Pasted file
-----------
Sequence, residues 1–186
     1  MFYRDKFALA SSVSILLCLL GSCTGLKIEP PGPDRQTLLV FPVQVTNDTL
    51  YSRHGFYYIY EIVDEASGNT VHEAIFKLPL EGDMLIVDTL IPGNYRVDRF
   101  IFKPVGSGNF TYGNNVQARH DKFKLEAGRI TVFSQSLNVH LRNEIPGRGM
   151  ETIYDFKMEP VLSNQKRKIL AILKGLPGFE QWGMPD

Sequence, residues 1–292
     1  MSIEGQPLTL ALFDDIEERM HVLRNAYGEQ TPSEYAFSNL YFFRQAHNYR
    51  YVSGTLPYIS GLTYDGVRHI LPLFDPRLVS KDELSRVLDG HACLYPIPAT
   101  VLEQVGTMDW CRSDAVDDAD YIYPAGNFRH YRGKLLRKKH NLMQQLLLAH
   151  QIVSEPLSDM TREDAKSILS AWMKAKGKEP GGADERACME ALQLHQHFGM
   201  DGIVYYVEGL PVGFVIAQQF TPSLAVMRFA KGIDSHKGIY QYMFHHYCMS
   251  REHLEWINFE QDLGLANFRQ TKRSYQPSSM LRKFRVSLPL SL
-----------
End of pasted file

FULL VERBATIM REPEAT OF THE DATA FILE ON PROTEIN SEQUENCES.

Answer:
Sequence, residues 1–186
     1  MFYRDKFALA SSVSILLCLL GSCTGLKIEP PGPDRQTLLV FPVQVTNDTL
    51  YSRHGFYYIY EIVDEASGNT VHEAIFKLPL EGDMLIVDTL IPGNYRVDRF
   101  IFKPVGSGNF TYGNNVQARH DKFKLEAGRI TVFSQSLNVH LRNEIPGRGM
   151  ETIYDFKMEP VLSNQKRKIL AILKGLPGFE QWGMPD

Sequence, residues 1–292
     1  MSIEGQPLTL ALFDDIEERM HVLRNAYGEQ TPSEYAFSNL YFFRQAHNYR
    51  YVSGTLPYIS GLTYDGVRHI LPLFDPRLVS KDELSRVLDG HACLYPIPAT
   101  VLEQVGTMDW CRSDAVDDAD YIYPAGNFRH YRGKLLRKKH NLMQQLLLAH
   151  QIVSEPLSDM TREDAKSILS AWMKAKGKEP GGADERACME ALQLHQHFGM
   201  DGIVYYVEGL PVGFVIAQQF TPSLAVMRFA KGIDSHKGIY QYMFHHYCMS
   251  REHLEWINFE QDLGLANFRQ TKRSYQPSSM LRKFRVSLPL SL